'Take a hike': a college student’s view of the coronavirus epidemic

Mike Pesarchick
Photo credit WBEN Photo/Mike Pesarchick

(Mike Pesarchick - WBEN Intern/Canisius College student) - What do you do when you’re 21, COVID-19 has shut down your college, the world is hurdling towards economic recession, we have no March Madness and Tom Brady has signed with Tampa Bay?

In my case, I took a page from Ralph Waldo Emerson’s playbook and took a hike.

My girlfriend and I drove about 30 minutes south of Buffalo to Franklin Gulf Park, an undeveloped 631-acre state forest a few miles outside of Eden. It has some of the best trails I’ve been fortunate to hike in Western New York, with trails feet away from a 100-foot drop into a gorge carved over time by a small stream.

There are waterfalls, rocks, ruins and plenty of wildlife to admire. It was a needed break after one of the most turbulent weeks I’ve ever experienced.  

I remember sitting in Philosophy 300 back in January, talking with my friends about this “coronavirus” thing that was busy spreading across China. I distinctly remember laughing it off; we were all worried when Ebola showed up in Texas a few years ago, I thought we would be fine.

Funny how things change, no?

Two months later, myself and the rest of the staff of The Griffin at Canisius College (finest student-run newspaper in Western New York!) were frantically working on covering some breaking news. The college was suspending face-to-face classes and going online until at least Easter because of the virus I wasn’t concerned about.  

For our tiny paper, this also meant suspending print operations for most of the year. Some of our staff would be travelling home halfway across the country.

As a journalism major, The Griffin has been the focus point of my three years at Canisius. Our staff has tackled some pretty big stories on campus, from a club mishandling thousands of dollars of funds to a brand-new fitness center on campus. We’ve argued, partied and grown together into what I think is a little family.  

We planned to be back in April, just in time to put out our Sesquicentennial edition to celebrate Canisius’ 150th anniversary. We held our meetings as usual and even put out a storyboard to plan what we would write about.

On Tuesday, I went back to the Griffin office on campus to grab some books and to wipe down my desk and conference table with Clorox wipes. Not because we were sick, but because I thought it would be good due diligence. I locked up expecting to be back in a month and went on to my job in the sports department at The Buffalo News.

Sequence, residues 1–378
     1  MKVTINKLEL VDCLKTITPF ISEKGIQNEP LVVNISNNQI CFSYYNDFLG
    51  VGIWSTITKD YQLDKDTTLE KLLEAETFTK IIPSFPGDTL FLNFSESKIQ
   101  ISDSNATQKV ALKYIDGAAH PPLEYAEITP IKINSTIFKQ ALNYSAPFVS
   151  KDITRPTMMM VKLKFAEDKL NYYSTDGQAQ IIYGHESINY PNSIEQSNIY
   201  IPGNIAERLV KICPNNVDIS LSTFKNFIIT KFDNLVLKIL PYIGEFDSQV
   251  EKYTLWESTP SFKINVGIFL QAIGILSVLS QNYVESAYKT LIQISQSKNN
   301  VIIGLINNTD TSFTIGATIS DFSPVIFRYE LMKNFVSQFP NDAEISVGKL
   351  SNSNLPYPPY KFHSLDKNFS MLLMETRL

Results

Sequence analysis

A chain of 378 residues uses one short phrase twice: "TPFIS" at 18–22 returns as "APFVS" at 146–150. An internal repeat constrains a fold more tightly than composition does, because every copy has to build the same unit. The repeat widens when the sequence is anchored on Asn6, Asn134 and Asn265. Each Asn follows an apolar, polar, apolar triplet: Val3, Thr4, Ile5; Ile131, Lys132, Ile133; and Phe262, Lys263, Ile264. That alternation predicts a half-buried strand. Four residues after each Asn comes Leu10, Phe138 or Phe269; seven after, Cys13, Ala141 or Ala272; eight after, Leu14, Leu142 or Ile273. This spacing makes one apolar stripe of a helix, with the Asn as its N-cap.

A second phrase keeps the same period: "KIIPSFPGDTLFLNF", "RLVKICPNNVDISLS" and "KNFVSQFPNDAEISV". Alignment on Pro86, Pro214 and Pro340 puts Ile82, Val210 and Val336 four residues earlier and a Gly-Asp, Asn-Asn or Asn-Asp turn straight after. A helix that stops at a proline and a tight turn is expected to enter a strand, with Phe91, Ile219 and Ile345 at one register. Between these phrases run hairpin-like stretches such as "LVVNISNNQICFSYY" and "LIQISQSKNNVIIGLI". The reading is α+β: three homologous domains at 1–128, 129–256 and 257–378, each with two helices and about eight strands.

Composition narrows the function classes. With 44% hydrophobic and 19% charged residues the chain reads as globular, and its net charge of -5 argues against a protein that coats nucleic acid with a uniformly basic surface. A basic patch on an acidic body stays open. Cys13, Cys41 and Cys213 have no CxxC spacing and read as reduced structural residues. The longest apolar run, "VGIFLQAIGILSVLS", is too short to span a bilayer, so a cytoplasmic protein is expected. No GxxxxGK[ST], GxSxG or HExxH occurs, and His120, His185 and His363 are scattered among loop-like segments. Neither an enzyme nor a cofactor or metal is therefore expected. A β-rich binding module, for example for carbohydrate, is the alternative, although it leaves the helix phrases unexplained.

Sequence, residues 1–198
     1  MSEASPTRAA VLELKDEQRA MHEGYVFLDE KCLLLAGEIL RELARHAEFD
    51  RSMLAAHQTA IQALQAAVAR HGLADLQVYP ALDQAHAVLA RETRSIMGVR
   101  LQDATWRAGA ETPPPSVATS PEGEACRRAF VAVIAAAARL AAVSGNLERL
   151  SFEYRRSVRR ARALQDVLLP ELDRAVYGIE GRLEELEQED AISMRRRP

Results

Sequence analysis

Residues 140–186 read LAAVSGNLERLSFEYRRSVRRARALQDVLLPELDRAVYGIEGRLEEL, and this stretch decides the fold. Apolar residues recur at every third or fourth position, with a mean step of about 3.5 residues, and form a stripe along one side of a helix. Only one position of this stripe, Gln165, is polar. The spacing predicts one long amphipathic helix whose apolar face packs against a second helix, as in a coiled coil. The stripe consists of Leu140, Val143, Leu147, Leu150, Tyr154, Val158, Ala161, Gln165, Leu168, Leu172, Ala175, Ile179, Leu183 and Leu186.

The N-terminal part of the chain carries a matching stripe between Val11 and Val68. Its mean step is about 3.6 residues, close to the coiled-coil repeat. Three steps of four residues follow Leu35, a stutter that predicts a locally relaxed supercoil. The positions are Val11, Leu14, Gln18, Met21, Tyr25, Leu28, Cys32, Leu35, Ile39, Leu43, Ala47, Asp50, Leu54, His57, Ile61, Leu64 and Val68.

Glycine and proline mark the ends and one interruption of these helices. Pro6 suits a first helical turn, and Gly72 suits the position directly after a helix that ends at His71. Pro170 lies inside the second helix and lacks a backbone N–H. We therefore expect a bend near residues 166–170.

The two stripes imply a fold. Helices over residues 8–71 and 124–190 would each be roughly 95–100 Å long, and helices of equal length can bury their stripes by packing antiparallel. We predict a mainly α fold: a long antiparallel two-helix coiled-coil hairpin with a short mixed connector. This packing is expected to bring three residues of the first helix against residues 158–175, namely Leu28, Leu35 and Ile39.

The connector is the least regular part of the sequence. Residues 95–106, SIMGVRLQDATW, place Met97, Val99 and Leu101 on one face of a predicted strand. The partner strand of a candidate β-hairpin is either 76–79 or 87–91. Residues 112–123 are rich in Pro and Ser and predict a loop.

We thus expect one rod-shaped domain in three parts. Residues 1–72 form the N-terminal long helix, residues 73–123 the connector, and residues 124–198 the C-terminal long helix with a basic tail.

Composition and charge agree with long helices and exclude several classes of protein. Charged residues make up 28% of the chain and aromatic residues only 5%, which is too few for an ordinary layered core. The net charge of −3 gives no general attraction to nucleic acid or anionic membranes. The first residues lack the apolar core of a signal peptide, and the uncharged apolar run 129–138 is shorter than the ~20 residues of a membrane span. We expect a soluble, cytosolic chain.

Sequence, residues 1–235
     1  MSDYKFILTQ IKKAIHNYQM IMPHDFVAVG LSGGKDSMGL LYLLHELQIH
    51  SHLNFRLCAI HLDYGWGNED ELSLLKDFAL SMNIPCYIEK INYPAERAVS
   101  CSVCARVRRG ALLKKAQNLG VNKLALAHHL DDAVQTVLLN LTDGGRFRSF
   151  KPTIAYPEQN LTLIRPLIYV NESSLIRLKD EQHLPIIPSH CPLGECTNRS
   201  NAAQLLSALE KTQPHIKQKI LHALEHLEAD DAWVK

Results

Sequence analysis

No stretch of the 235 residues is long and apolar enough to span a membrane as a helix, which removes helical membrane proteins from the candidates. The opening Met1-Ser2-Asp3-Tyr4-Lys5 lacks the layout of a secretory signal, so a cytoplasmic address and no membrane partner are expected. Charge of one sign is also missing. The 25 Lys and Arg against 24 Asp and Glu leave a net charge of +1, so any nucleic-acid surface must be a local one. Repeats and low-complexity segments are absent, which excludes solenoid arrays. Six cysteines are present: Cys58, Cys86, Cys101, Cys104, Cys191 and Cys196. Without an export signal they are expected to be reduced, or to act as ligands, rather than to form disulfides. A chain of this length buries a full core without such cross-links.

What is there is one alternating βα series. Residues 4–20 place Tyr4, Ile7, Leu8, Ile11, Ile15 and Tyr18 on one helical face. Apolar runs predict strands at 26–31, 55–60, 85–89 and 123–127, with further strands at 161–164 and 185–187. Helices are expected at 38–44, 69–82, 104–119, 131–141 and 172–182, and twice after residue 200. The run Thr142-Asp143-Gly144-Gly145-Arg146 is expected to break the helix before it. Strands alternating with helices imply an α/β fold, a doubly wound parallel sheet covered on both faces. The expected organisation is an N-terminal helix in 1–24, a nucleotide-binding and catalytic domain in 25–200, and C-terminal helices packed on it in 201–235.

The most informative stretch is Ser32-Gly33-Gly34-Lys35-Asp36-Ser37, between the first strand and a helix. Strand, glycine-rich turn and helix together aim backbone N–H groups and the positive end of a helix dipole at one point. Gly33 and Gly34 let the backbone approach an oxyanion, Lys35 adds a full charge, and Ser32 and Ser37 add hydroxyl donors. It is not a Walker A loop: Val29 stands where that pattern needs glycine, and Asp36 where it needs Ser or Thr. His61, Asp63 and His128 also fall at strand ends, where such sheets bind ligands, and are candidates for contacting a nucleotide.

Then, Thursday afternoon, we found out we wouldn’t be coming back this semester. President John Hurley informed everyone that the Academic Continuance Plan for online classes would continue through the end of the semester. It was something we knew was coming but hoped wouldn’t.

I’m a junior. I still have a year left of the college experience. But I know of many who were looking forward to their last year, the senior celebration party, the graduation ceremonies with their friends. All of that is cancelled. They will finish their classes online and walk off into uncertainty. I won’t see some of my Griffin friends again this year, possibly ever. There’s a looming sense of emptiness hanging over the rest of the semester.

Even my brother, a senior at St. Joe’s, won’t be able to travel to Rochester for an international robotics competition he and his friends have been preparing for since January. Naturally, these problems are small compared to potential economic meltdown but for us young adults just getting out there, they are big things on our plates. After all, we learn from experiences – what can we learn about ourselves and the world if we can’t get out an experience things?

Well, here’s a big lesson.

I think we as a bunch of 20-somethings have a sense of invincibility that comes with the first tastes of freedom that college gives us. That’s why idiots have been filmed on Twitter still partying en masse on spring break, willingly not giving a damn that they might be contracting (and passing) the virus on.

They don’t believe they can be affected (whether or not the virus does or not is moot) so why change their plans?

Which is where my hike comes back into play. In his essay on Nature, Emerson wrote that nature is a place for those to escape the doldrums of everyday life. The sky and woods produce an “eternal calm” that allows us to become human again. It’s a reminder that we are pretty small all things considered, and taking some time to think

The 24-hour news cycle is something I know very well. The trails at Franklin Gulf helped me escape it for a little while with the sounds of catbirds and waterfalls and fresh clean air. Maybe it won’t help cure the coronavirus but for a 21-year-old with a few dollars in his pocket, it was plenty of relief from a lot of chaos.

My point is, getting out into the woods let me take some space from the upheaval this past week has brought. Social distancing doesn’t mean sitting inside all day, there aren’t many other people on those trails.  Maybe you’ll have to miss out on some events coming up now, but that doesn’t mean there won’t be more for the rest of your life.

If anything, the trails and nature will always be there too, a place to get away from whatever else life throws at you and a reminder that you aren’t unstoppable – you’re a small part of a bigger picture.

We’ll get through this, but to my fellow 20-whatevers out there, you’re not invincible. Try a hike and maybe you’ll see what I mean.

Oh, and wash your hands.